It’s not looking good—both the ER doc and the regular vet say they’re “concerned”—and I’m told it will take 24 hours to get Pookie stabilized. So I try to get some work done in my sleep-deprived state, feeling guilty about all the times I called him a little prick (Pookie, not the vet), and when I come downstairs for dinner there’s a message on my answering machine from the vet saying to call him back before 6:00. It’s 6:15, and I figure it has to be bad news. I curse him (the vet, not Pookie) for not at least giving me an idea of why he was calling. I figure he wouldn’t want to leave the message, “Sorry, your cat is dead,” but I would rather hear that than “Call immediately.”

So I spend the evening worrying, trying to imagine the outcome, trying to prepare myself for the worst. I’m reminded of “Schrödinger’s Cat,” which, if you remember your quantum physics, was a thought experiment about a hypothetical cat in a box and the observer who doesn’t know if the cat is alive or dead until he opens the box. I think Schrödinger proved that the cat is both alive and dead, and so is the observer. I don’t know how that explains life in general or Pookie’s situation in particular, but the puzzle keeps my mind occupied. I can almost see that Pookie’s fate is truly undetermined until I know what it is—and I wonder if it’s true that our existence is entirely dependent on being observed. It’s like the old conundrum about whether a tree falling in the forest makes a noise when there’s no one there to hear. [News flash: the answer is no! A hearing apparatus is needed to receive the sound waves.] But before an event has revealed itself, is it possible that all contingencies are equally present? Note to self: Brush up on your quantum physics.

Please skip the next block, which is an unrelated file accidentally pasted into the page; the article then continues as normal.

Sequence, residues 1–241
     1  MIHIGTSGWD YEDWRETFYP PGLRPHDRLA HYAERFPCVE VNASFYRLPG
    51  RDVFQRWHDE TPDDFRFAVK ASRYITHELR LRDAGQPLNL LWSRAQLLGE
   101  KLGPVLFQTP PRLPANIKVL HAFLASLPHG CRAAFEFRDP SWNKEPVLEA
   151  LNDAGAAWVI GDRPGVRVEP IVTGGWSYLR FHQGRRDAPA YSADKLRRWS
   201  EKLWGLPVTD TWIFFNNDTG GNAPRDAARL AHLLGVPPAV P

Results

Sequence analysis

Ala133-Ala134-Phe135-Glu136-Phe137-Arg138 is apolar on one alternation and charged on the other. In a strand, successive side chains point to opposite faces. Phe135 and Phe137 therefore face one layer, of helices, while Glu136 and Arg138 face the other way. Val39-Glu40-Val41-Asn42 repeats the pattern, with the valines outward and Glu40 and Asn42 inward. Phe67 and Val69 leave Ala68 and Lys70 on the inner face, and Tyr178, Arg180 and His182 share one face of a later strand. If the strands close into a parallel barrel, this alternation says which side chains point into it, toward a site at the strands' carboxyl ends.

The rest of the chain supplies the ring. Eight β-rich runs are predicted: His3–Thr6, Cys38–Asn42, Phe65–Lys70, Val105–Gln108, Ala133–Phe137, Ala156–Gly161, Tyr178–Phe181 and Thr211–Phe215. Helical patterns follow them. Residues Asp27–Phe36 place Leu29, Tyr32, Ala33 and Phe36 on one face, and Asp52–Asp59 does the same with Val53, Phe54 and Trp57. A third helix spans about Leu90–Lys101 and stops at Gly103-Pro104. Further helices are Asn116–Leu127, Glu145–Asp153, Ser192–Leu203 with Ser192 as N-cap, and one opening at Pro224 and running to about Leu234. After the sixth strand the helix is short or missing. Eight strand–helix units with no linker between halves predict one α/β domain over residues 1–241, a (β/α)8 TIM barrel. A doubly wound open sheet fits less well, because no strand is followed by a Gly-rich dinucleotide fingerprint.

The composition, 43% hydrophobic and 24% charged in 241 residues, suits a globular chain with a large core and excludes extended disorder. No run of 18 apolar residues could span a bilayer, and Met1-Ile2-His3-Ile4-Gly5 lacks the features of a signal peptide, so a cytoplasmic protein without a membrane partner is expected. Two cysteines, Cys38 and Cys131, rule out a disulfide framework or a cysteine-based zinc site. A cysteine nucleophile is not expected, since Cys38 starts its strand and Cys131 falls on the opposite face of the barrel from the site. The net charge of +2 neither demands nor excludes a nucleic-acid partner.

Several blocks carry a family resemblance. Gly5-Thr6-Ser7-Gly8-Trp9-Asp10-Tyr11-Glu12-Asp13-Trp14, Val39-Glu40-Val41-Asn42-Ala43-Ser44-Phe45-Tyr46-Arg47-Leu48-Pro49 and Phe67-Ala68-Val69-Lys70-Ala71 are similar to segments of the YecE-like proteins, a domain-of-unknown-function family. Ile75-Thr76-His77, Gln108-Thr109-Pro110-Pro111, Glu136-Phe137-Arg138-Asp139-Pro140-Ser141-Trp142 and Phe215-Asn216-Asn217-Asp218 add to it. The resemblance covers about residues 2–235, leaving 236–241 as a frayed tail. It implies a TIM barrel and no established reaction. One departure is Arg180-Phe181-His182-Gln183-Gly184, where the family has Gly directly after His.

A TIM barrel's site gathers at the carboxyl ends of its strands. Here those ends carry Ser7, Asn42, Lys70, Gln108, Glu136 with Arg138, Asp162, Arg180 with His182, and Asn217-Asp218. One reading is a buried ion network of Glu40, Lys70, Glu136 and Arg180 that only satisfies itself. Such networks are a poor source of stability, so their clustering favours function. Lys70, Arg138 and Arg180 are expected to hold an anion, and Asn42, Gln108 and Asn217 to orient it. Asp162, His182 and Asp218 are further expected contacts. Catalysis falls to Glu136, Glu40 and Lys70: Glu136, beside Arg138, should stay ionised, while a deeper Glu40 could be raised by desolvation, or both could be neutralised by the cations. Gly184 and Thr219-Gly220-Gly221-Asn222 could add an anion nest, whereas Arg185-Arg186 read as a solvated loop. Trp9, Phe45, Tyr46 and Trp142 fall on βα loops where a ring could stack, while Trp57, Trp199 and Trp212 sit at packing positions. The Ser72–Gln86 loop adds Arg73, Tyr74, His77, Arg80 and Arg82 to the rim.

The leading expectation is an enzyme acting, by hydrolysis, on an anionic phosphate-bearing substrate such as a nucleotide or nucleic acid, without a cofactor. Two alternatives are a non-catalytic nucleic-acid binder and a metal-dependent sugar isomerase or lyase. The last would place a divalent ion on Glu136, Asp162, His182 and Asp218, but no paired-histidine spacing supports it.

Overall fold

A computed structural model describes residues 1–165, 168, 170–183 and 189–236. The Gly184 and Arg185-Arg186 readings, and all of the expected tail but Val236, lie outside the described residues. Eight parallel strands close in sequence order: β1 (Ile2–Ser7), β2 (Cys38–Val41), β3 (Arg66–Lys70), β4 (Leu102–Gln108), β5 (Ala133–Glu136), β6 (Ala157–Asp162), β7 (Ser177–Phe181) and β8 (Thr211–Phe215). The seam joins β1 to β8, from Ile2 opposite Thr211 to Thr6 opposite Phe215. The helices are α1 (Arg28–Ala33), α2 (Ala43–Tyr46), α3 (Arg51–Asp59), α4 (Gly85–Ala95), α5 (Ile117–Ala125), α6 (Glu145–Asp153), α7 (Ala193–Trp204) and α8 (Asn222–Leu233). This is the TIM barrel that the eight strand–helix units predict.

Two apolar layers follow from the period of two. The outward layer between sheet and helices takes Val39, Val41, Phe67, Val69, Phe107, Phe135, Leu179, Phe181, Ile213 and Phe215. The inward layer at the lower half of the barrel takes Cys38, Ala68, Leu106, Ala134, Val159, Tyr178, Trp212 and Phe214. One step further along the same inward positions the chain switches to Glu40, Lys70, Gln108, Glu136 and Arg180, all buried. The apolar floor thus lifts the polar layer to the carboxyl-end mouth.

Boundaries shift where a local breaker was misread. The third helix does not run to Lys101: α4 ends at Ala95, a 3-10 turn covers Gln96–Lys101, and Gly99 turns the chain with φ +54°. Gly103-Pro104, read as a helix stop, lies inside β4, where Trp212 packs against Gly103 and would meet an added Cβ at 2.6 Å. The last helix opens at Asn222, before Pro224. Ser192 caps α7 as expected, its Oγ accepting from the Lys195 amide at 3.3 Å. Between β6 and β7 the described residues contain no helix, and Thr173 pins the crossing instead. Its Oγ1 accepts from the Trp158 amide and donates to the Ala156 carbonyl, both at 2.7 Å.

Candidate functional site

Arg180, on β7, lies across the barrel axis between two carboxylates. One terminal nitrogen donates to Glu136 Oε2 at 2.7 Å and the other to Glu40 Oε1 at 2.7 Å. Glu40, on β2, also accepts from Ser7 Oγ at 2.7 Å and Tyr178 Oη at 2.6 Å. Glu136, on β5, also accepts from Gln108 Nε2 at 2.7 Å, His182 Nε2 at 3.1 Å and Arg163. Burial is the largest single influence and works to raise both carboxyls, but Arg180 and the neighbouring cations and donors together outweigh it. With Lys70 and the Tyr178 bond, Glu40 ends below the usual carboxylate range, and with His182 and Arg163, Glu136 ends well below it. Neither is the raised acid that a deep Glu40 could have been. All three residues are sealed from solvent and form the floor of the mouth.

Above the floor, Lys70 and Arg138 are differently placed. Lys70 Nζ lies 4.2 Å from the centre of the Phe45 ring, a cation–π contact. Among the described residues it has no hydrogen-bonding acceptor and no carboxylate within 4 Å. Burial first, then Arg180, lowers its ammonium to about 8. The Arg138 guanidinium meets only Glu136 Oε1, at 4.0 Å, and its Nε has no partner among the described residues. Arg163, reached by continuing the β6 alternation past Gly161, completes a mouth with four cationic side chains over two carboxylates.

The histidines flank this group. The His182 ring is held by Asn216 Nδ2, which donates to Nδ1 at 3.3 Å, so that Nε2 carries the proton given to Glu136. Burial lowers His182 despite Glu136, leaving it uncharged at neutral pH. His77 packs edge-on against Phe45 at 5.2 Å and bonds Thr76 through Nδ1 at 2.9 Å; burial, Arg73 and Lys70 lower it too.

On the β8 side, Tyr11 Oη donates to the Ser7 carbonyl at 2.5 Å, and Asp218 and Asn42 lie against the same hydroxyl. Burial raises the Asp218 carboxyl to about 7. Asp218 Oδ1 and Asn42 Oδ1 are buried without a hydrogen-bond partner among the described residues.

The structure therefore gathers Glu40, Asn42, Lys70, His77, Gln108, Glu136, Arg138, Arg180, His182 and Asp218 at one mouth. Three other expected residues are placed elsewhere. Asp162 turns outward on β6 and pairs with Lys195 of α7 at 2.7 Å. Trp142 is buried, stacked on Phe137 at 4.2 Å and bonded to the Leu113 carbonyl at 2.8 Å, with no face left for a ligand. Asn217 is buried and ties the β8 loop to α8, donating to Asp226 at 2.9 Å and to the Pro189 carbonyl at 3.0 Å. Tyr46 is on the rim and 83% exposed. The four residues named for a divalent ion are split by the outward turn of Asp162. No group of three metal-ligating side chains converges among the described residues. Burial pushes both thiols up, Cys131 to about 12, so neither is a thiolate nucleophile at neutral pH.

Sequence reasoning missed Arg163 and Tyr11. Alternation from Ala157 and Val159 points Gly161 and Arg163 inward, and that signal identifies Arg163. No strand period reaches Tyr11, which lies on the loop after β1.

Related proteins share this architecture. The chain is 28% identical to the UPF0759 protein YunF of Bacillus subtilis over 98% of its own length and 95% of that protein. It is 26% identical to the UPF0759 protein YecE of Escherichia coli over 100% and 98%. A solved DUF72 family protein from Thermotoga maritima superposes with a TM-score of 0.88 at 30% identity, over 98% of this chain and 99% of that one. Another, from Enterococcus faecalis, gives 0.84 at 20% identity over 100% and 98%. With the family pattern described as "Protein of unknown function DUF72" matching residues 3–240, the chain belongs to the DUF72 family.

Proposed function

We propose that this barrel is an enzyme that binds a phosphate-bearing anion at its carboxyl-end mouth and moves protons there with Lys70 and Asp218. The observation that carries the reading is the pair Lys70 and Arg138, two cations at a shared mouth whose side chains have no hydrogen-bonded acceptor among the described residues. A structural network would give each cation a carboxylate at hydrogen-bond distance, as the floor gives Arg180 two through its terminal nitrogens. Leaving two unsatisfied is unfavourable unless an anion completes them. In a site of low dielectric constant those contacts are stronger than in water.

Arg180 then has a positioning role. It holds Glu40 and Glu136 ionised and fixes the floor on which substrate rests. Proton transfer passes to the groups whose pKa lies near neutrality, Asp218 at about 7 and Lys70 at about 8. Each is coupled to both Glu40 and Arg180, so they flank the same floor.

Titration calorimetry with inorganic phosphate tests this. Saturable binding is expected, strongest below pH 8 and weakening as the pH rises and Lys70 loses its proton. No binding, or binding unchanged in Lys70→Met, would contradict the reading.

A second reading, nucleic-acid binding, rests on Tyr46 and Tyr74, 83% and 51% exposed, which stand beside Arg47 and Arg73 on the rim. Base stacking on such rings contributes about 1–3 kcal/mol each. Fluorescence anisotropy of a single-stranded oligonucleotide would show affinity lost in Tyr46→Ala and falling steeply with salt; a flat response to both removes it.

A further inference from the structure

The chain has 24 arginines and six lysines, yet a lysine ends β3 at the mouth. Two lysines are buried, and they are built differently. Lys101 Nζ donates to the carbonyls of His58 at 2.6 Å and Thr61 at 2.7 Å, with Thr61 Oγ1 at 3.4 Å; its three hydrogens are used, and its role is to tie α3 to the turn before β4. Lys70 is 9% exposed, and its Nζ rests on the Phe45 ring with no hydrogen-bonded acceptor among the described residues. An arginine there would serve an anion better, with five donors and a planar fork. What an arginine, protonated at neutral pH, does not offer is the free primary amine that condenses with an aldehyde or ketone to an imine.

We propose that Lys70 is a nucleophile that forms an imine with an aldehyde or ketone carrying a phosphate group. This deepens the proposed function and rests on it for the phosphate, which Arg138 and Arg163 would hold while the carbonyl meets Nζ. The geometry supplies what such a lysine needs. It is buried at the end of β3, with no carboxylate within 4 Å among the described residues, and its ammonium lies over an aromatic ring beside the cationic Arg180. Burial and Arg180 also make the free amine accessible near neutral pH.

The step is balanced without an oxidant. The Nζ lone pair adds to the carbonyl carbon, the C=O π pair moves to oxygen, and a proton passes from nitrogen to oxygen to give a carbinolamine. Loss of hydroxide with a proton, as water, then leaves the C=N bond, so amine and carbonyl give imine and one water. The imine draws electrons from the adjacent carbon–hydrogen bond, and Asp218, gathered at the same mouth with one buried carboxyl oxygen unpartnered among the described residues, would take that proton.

So in the morning I call the vet at the earliest possible time, and voila! Pookie lives! But the bad news is that he needs surgery to, as the vet delicately puts it, “turn him into a girl.” I want to say, thanks, Dr. Bill, for pointing out that girls are just boys with gashes where our thingies should be. $1,000 later, the surgery is a great success, but it has not been reported whether Pookie has started meowing in a high voice. Wait, he already did that.

So Pookie is now stranded on the planet Venus, having left Mars and certain anatomical parts (the little prick, in fact) far behind. He isn’t out of the woods yet (speaking of trees falling unheard), but I have high hopes, high apple pie in the sky hopes. Oops, there goes another rubber tree plant—

Epilog. What I’ve realized while writing this story is that my attitude toward old Pookie—fortunately, the name is androgynous—has changed. In some ways he’s more of a pain than ever. He’s now prone to urinary tract infections, which require applying ointment at one end and dropperfuls of pink viscous liquid at the other. But there was something about seeing him knock knock knocking on heaven’s door and then getting him back again (do you suppose he got to the light at the end of the tunnel and relatives told him to go back, it wasn’t his time yet?). Anyway, my heart has softened toward the big lug, and now he’s the one who gets treated like royalty.

Maybe Judgment Day won’t be so bad after all.

[Mary McKenney]